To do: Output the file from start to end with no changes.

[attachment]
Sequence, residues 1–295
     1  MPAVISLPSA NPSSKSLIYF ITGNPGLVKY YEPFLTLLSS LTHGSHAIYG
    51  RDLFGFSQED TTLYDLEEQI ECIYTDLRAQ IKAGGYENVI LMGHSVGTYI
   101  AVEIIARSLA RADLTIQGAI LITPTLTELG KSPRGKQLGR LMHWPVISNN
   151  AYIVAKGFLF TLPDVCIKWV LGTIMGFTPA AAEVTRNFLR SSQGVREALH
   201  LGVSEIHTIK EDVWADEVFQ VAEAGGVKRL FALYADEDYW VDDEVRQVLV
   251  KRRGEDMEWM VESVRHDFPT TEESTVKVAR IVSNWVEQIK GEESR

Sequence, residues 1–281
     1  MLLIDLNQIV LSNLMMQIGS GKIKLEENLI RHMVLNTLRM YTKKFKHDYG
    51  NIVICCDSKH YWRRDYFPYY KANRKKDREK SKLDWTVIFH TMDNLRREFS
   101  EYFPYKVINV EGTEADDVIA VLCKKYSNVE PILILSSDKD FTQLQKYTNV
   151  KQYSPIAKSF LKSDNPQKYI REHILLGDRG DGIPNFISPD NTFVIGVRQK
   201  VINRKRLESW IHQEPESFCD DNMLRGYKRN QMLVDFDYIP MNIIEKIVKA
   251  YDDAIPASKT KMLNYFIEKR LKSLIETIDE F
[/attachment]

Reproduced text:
Sequence, residues 1–295
     1  MPAVISLPSA NPSSKSLIYF ITGNPGLVKY YEPFLTLLSS LTHGSHAIYG
    51  RDLFGFSQED TTLYDLEEQI ECIYTDLRAQ IKAGGYENVI LMGHSVGTYI
   101  AVEIIARSLA RADLTIQGAI LITPTLTELG KSPRGKQLGR LMHWPVISNN
   151  AYIVAKGFLF TLPDVCIKWV LGTIMGFTPA AAEVTRNFLR SSQGVREALH
   201  LGVSEIHTIK EDVWADEVFQ VAEAGGVKRL FALYADEDYW VDDEVRQVLV
   251  KRRGEDMEWM VESVRHDFPT TEESTVKVAR IVSNWVEQIK GEESR

Sequence, residues 1–281
     1  MLLIDLNQIV LSNLMMQIGS GKIKLEENLI RHMVLNTLRM YTKKFKHDYG
    51  NIVICCDSKH YWRRDYFPYY KANRKKDREK SKLDWTVIFH TMDNLRREFS
   101  EYFPYKVINV EGTEADDVIA VLCKKYSNVE PILILSSDKD FTQLQKYTNV
   151  KQYSPIAKSF LKSDNPQKYI REHILLGDRG DGIPNFISPD NTFVIGVRQK
   201  VINRKRLESW IHQEPESFCD DNMLRGYKRN QMLVDFDYIP MNIIEKIVKA
   251  YDDAIPASKT KMLNYFIEKR LKSLIETIDE F